Deployment in Africa
Should we imitate the American model ?

Development & Model 

Should we imitate the American model?
By Sams Dine SY, Financial Economist, Consultant, Dakar
(published in 2003 Sud Quotidien, Le Matin)
Within a week, Senegal's President Abdoulaye Wade clearly affirmed his admiration for the American model. A national daily newspaper (Le Soleil of August 30 and September 1) and an African weekly (Jeune Afrique of August-6 September) reported it in turn, and in the first, he pronounced the sentence in unequivocal terms: "Europe cannot be a model for us, because Europe was built in two thousand years. The United States has, because its development has taken place, I would say almost before our eyes... in one hundred and fifty years...", thus becoming"... the greatest political and economic force in the world, on what would be at most one fifth of Africa".
Curiously his statement went almost unnoticed. Political current events, which are quite rich, undoubtedly have something to do with it. However, the implications of this choice, given Senegal's intellectual influence in Africa, do not suffer from comparison with those of the media-political adventures of recent weeks. If only for that reason, there is reason to take a closer look. Four questions come to mind: what is at the origin of development, as we measure it today? Is the time taken by America and Europe to develop correct? Is the speed of development a relevant criterion to qualify one as a model and the other as a push-back? To what extent can the development process be imitated?
The thesis of the development of Europe completed in 2000 years stems from works among which we can quote those of Paul Bairoch.  It was defeated by Angus Maddison who, following a thorough investigation, managed to reconstruct the global development scenario during the last millennium. The significant fact according to him, is that the gap between the level of development of the populations of the different regions of the inhabited world was reasonable until about 1820 and not a century earlier. These populations would have lived on, roughly, the equivalent of less than US$2 a day. Including, in Africa, despite the long period of slavery and the regular drain on its resources in previous centuries. The gaps with the rest of the world began to widen from 1820, to become abyssal for only half a century, especially between Africa and the United States.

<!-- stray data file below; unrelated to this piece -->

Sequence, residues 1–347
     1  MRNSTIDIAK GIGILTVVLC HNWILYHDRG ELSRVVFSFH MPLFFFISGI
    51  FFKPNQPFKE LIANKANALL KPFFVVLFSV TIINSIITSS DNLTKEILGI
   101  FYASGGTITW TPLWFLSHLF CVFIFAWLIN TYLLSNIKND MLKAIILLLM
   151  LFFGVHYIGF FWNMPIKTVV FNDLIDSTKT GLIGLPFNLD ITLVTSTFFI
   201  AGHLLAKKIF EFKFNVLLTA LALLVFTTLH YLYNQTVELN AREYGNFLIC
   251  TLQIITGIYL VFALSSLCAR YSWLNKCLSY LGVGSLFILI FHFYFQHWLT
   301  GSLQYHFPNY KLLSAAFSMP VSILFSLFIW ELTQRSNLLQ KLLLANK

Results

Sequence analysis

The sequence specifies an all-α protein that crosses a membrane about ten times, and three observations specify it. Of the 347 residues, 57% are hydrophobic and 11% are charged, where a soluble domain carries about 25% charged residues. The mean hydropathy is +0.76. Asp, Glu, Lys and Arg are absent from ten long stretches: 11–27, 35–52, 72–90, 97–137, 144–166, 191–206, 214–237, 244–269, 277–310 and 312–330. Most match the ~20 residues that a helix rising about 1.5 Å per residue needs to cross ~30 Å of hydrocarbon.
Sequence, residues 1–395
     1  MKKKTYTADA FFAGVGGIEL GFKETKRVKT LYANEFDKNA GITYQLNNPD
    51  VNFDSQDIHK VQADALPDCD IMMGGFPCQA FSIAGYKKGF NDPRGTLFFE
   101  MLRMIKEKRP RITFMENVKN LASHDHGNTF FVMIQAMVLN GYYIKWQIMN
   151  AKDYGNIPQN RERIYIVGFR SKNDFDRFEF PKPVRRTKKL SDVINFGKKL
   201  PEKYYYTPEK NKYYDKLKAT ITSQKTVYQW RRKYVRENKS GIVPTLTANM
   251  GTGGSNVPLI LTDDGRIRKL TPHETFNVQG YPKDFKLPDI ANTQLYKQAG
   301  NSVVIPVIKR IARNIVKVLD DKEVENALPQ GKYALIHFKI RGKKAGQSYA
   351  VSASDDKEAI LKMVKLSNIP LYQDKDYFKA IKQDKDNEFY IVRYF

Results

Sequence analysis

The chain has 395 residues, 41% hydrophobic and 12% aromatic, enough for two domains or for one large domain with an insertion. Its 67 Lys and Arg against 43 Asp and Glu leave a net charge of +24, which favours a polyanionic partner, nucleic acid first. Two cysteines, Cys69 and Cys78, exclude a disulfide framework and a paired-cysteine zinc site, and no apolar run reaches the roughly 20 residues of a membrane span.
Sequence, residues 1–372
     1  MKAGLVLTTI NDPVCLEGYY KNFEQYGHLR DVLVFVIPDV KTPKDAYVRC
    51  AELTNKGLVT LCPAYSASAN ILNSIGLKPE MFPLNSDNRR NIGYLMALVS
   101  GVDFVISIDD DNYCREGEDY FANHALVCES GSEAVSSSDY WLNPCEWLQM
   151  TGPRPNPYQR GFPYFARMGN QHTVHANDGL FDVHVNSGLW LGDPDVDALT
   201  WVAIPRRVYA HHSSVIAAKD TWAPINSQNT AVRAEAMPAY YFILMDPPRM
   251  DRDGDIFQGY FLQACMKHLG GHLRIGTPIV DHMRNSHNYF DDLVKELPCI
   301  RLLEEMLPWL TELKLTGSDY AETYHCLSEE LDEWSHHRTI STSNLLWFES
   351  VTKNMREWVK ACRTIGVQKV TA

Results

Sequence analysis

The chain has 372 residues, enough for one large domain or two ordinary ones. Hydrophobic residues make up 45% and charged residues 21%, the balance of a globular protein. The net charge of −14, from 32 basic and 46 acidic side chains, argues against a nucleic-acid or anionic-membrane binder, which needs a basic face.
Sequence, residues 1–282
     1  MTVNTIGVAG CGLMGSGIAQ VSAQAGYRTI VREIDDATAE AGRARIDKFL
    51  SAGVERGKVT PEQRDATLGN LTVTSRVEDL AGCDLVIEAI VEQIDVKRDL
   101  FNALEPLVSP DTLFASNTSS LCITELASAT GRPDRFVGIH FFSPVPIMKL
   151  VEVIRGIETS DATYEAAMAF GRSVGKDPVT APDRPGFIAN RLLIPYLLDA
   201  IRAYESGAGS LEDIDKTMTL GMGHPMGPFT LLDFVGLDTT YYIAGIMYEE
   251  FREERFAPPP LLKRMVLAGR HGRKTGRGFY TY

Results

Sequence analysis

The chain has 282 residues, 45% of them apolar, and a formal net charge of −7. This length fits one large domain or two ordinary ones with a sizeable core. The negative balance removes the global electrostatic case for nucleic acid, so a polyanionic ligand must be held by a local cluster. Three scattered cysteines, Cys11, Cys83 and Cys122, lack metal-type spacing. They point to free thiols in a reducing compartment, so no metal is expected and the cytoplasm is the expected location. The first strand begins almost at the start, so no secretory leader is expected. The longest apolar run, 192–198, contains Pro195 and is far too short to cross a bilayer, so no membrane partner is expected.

Yet, as early as the 15th century, Europe had launched a vast undertaking to unify the world through trade and technical progress. The European model had thus gradually spread throughout the world, with varying fortunes. But Europe would not have begun to reap the benefits of development until the 18th century, only a few decades before the United States. This country has finally taken its world leadership, no doubt helped by the vitality of its active population, its capacity to innovate, but also by the interminable wars on the old continent.
From this brief overview, it should be noted that development, as we measure it today, is a recent affair. Europe and America have developed over a short period not exceeding one hundred and eighty years. The development process also appears to be a well-kept secret. To the first group of 24 countries that crossed the $1,200 GDP/hr barrier in 1900, only a handful of 6 countries could be added in 2000 whose GDP/hr exceeded the $14,000 barrier, while the former USSR lagged behind.
President Wade may have decided a little quickly, but he has the merit of relaunching the debate on the American and European models, a debate that has been raging since the fall of the Berlin Wall. Thus, productive systems, innovation systems, modes of governance, managerial cultures and conflict resolution modes, including value conflicts, were compared. The differences - between the (European) Rhine model, which is network oriented, and the American model, which is market oriented - are exacerbated before being put into perspective. Following the tragic events of 11 November and the change of strategic paradigm with the notion of preventive war, "old Europe" and "new America" could be presented, one as a repeller and the other as a model. It is undoubtedly in this current that President Wade joins. However, the analysis of these two regions shows an extraordinary level of strategic interdependence due to the intensity of economic, trade and technological relations. Moreover, there is no evidence that Europe's decline and American supremacy are irreversible processes.
To the extent that there is neither opposition between these two models, nor a codified and generalizable development process, the apprentice

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